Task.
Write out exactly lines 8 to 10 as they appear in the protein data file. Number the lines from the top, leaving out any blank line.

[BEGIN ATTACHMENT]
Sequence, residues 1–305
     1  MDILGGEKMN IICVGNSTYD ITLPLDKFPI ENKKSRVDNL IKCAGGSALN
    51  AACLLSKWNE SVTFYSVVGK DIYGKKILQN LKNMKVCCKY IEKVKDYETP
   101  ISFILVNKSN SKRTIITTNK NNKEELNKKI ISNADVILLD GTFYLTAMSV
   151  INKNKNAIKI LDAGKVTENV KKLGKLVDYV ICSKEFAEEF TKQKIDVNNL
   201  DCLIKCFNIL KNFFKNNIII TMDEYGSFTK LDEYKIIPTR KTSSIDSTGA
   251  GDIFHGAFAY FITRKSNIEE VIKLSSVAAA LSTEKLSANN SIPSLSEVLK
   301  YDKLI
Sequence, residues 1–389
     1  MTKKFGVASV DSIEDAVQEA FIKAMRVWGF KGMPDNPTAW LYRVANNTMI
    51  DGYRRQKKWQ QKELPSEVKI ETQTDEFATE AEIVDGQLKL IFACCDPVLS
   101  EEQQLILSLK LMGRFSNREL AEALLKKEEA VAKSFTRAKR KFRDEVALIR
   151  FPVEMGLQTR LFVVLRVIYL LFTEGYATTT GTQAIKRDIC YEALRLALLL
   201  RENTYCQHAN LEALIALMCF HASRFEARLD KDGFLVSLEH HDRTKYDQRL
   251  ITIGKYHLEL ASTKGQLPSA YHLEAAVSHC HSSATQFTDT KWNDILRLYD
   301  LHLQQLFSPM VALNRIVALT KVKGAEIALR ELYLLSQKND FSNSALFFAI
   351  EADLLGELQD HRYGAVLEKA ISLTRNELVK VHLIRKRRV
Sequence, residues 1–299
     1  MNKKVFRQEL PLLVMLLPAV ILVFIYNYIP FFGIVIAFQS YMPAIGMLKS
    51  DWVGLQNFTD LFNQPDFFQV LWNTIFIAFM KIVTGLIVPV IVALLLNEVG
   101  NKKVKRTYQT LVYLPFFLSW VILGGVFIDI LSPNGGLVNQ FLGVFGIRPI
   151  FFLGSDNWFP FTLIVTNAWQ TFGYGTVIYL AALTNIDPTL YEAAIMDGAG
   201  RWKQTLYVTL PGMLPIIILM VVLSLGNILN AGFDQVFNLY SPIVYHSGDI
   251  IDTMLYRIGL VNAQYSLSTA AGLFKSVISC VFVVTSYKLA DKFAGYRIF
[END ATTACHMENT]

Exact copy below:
   301  YDKLI
Sequence, residues 1–389
     1  MTKKFGVASV DSIEDAVQEA FIKAMRVWGF KGMPDNPTAW LYRVANNTMI